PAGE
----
At Harvesters—The Community Food Network, in Kansas City, Missouri, we are committed to maximizing partnerships to reduce food insecurity and promote client stability. Our work is no longer just about emergency food assistance, but now includes efforts to improve the longer-term health and wellness of many in our community. Our new “hunger to health” initiative focuses on partnership, health and robust collaboration. A key piece of the project is developing food and nutrition interventions for clinical settings.
For example, we serve Kids Cafe meals and host fresh produce distributions at pediatricians’ offices. We provide produce for veterans at a VA clinic and host mobile produce distributions for patients who visit county health departments. Harvesters also provides diabetes-friendly foods through a prescriptive pantry at a safety-net clinic working to help its patients improve the management of this chronic disease.
Health insurance companies are coming to the table, taking an active role in the hunger solution. Humana has become a key partner as our hunger to health goals align with the “Bold Goal” work in Kansas City. The “Bold Goal” is a population health strategy to improve the health of its communities 20% by 2020 and beyond by addressing social determinants of health, such as food insecurity, in close collaboration with physicians and community partners. The KC Bold Goal is doing this by hosting healthy food drives, training clinical staff on food insecurity, conducting SNAP outreach, developing market outreach pantries at local community centers and hosting monthly produce distributions at clinics.
Harvesters’ newest partnership with Humana involves distributing healthy food through Health Resources by Humana and clinics located inside Walgreens stores in the Kansas City region. The clinic staff already screen for food insecurity and can refer people to a food pantry or help with a SNAP application. Through this process, the dieticians and clinic staff quickly identified a need for immediate nutrition assistance. Together, we developed a program for Harvesters to provide shelf-stable healthy food kits for distribution through clinics within Walgreens, including Health Resources by Humana.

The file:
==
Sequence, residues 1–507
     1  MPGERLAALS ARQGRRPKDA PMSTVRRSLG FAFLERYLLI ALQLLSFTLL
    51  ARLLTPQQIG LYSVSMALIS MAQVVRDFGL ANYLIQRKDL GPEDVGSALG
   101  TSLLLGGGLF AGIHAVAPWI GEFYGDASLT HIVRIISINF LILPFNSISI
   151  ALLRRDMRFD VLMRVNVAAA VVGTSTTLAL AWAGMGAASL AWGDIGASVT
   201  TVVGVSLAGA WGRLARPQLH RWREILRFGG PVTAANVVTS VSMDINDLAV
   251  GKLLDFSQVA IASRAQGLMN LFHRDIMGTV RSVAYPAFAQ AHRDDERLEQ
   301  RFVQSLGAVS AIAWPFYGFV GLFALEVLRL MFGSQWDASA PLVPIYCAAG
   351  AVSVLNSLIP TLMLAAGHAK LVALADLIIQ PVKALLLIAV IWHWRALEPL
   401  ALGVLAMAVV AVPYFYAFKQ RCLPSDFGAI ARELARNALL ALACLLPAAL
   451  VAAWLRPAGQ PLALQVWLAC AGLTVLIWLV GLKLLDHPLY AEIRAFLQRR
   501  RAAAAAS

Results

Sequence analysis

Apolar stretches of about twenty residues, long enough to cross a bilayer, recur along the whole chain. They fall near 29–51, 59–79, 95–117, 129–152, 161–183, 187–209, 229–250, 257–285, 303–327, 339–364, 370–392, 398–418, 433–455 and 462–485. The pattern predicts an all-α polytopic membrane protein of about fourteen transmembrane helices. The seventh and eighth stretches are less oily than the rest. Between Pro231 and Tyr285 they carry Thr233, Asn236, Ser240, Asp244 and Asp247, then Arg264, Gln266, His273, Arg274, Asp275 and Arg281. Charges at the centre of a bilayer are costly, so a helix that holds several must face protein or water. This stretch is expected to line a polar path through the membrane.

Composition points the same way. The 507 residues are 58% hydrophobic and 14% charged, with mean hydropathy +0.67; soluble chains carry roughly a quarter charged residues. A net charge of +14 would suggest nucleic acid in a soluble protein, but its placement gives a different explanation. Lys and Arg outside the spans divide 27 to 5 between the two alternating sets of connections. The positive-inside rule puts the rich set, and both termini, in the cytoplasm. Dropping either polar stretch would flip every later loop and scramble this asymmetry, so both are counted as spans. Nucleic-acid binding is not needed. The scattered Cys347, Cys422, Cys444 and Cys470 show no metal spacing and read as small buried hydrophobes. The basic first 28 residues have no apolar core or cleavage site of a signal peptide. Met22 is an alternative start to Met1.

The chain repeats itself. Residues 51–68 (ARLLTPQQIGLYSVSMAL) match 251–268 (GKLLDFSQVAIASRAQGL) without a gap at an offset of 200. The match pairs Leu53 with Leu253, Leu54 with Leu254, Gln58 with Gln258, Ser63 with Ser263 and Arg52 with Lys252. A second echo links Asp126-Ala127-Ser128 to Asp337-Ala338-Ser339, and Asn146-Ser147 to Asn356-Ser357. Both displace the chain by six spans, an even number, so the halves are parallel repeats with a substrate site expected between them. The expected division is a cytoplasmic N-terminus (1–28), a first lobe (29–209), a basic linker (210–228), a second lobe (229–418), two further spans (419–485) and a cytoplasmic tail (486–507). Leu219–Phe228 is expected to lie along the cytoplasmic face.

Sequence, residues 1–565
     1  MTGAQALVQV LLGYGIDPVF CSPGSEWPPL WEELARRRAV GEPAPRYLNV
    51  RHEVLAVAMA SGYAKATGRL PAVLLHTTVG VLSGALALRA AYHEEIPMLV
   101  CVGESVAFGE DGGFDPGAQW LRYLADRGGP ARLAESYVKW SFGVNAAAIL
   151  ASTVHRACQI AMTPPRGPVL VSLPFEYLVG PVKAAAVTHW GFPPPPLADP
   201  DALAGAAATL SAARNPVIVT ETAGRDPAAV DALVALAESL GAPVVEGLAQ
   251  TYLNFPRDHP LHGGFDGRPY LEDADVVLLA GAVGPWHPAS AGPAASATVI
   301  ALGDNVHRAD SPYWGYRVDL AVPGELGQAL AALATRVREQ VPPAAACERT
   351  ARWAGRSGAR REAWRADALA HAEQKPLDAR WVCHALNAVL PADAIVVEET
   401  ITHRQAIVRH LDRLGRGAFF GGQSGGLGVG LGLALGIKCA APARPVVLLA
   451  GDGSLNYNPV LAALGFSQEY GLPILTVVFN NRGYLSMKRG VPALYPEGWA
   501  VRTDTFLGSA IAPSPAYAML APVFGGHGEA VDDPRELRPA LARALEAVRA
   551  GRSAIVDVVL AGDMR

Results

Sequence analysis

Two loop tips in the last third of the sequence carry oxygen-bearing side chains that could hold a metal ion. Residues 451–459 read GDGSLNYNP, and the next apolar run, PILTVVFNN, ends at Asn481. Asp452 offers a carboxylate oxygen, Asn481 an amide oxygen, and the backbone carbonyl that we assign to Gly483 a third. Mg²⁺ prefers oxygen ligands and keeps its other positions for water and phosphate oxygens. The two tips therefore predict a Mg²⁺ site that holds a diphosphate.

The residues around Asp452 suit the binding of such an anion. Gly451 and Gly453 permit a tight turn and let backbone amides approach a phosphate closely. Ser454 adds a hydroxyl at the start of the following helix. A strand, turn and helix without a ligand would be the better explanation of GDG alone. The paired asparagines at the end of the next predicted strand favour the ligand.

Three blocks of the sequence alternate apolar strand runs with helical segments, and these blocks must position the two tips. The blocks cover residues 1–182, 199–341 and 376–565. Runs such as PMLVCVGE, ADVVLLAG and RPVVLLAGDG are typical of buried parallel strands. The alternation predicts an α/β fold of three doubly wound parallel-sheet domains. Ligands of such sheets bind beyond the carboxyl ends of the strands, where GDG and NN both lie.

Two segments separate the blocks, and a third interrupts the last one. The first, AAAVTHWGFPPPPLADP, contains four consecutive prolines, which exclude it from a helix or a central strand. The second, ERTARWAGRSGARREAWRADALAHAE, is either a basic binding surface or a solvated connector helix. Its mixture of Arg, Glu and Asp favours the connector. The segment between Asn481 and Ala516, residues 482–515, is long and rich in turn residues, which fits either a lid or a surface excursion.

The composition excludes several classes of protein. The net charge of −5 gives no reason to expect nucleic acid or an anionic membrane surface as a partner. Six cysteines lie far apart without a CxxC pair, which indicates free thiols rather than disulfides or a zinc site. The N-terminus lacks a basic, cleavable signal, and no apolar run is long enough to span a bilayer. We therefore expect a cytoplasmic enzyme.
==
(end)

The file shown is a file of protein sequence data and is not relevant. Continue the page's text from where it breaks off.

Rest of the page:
The kits contain items that are whole grain, lean protein, low sodium and no sugar added. This ensures emergency food needs are addressed, while also promoting good nutrition and helping patients manage chronic illnesses like diabetes or hypertension. This is an innovative solution to address food insecurity and likely filling a gap in communities that may not have a traditional food pantry nearby.
It is these holistic, place-based strategic partnerships, like our work with Humana and other healthcare partners that are helping Harvesters fulfill our mission of not only feeding hungry people today but working to end hunger tomorrow. Complex patient-needs demand a new response. A response that brings partners together at the intersection of hunger and health.
About Harvesters: Harvesters—The Community Food Network is the regional food bank in Kansas City, serving a 26-county area of northwestern Missouri and northeastern Kansas. Harvesters provides food and household products to more than 760 not-for-profit agencies, including emergency food pantries, community kitchens, shelters, and mobile food pantry distributions. Other programs include Kids Cafe, BackSnack, school pantry, USDA commodity distributions and SNAP outreach. We also offer education programs to increase community awareness of hunger and teach about good nutrition.
Jessica Kejr is the Director of Programs and Client Collaboration Initiatives at Harvesters—The Community Food Network. Jessica is responsible for oversight, supervision and strategic planning for BackSnack, School Pantry, Kids’ Cafe, USDA programs, and SNAP Outreach. She is actively engaging partners in the healthcare field to develop innovative approaches to promote client stability and healthy communities as Harvesters works at the intersection of hunger and health. Jessica holds a Masters of Social Work from the University of Kansas. She has been with Harvesters since 2010.